which had another beefy hero helping rebel forces fight against
their Soviet oppressors. Red Scorpion
puts a bit of a twist on the genre by having a Soviet soldier
as the hero, but other than that, there's not a whole lot that
makes it stand out from numerous other action movies of the time.
My biggest problem with Red Scorpion
stems from the fact that I've never been the biggest Dolph Lundgren
fan. While his imposing physique and steely gaze can make him
an effective villain, like when he played another super-Russian,
boxer Ivan Drago, in Rocky IV, I've
always found him a bit bland as a protagonist. His perpetually
stone-faced expression and monotone voice have none of the character
and humor that helped Arnold Schwarzenegger stand out from his
muscle-bound '80s action movie peers, and as a result, whenever
Lundgren's onscreen and not blowing something up, the movie grinds
to a bit of a halt. Supporting players Walsh and James help to
pick up some of the slack with their suitably energetic and over-the-top
performances, although oddly, James' character just disappears
partway through the movie despite seemingly being set up as a
major villain. You don't tease a climactic Dolph Lundgren/Brion
James fight scene and then not deliver, people!
the plus side, the film manages to use its modest budget well,
using actual Russian-made military equipment and shooting on location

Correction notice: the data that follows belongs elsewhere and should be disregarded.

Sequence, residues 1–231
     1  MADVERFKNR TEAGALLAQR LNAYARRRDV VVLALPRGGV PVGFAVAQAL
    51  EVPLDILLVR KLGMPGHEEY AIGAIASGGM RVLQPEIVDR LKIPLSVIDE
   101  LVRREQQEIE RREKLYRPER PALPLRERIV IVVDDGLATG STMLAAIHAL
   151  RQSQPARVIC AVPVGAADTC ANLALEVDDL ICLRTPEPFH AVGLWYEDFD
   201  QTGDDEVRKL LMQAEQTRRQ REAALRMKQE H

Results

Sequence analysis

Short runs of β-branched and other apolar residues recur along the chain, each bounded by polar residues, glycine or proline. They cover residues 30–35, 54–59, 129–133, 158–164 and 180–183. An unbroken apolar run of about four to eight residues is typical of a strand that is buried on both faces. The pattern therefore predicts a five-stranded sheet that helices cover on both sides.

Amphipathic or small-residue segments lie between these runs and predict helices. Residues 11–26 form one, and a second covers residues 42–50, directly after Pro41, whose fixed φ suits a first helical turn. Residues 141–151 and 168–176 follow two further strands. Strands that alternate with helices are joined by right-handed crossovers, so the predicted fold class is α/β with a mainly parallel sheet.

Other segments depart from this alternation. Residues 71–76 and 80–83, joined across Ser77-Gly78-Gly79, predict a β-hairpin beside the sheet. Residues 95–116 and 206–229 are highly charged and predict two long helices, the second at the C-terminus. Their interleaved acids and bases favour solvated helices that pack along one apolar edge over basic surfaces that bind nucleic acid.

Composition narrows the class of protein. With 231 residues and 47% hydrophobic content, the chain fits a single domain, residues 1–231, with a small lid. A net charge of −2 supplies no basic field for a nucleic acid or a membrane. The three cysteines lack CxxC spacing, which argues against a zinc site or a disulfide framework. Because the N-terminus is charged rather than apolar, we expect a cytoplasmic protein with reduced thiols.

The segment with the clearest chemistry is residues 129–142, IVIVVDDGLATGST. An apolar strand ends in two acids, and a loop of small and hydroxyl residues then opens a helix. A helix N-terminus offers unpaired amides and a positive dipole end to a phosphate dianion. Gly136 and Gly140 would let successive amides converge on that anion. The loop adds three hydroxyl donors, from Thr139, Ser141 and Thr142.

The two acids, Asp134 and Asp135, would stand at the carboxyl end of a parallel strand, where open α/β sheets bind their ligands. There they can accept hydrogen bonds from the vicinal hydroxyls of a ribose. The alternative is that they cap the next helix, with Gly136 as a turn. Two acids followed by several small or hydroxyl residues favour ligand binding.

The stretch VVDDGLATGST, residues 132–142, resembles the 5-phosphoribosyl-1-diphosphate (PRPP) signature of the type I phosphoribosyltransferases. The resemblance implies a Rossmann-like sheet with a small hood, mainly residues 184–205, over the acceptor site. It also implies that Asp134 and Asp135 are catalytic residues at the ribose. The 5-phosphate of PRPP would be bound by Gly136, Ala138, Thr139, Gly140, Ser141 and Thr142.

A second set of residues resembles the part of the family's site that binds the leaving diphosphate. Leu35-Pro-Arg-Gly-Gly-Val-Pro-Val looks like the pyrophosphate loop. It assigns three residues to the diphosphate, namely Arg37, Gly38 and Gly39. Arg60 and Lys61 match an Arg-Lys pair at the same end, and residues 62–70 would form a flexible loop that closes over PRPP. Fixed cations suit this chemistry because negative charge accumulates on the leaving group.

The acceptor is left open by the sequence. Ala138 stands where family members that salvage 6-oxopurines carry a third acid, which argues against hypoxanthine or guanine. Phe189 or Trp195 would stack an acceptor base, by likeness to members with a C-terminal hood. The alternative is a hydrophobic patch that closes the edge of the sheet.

in Africa. It also features some great gore effects by the legendary
Tom Savini; the scene where Lundgren is tortured with needles
being particularly effective.
Red Scorpion is a competently made
but ultimately pretty unremarkable time capsule that should please
Lundgren fans and those that long for the good old days when the
U.S.S.R. provided American action movies with a reliable villain.
Others will probably find it dated and a bit slow.
arrives on Blu-ray courtesy of Synapse Films in a two-disc Blu-ray/DVD
combo pack, the Blu-ray's 1080p transfer presented in an aspect
ratio of 1.78:1. Colors, detail and depth are all strong, and
while there is a bit of grain present, it's nothing that detracts
from the overall presentation of the movie. Audio
is available in both DTS-HD 5.1 and DTS-HD 2.0 stereo, with optional
English subtitles for the hearing impaired. Sound quality is generally
good for both tracks, with the 5.1 track offering slightly more
immersion with the Surround channels.
include separate video interviews with Lundgren, Abramoff and
Savini regarding their involvement with the film, and in Lundgren's
case, his early career and even his relationship with Grace Jones!
Savini also provides ten minutes of on-set footage which is interesting
but doesn't offer a whole lot of insight into the film's production.
Joseph Zito and Mondo Digital's Nathaniel Thompson provide
an audio commentary track which packs in a ton of info on the
film, including some of the political controversy that surrounded
its production. There's also the usual assortment of trailers,
TV spots and a stills gallery, and just like with Synapse's release
of Thou Shalt Not Kill...
Except, the reversible cover art is a great touch.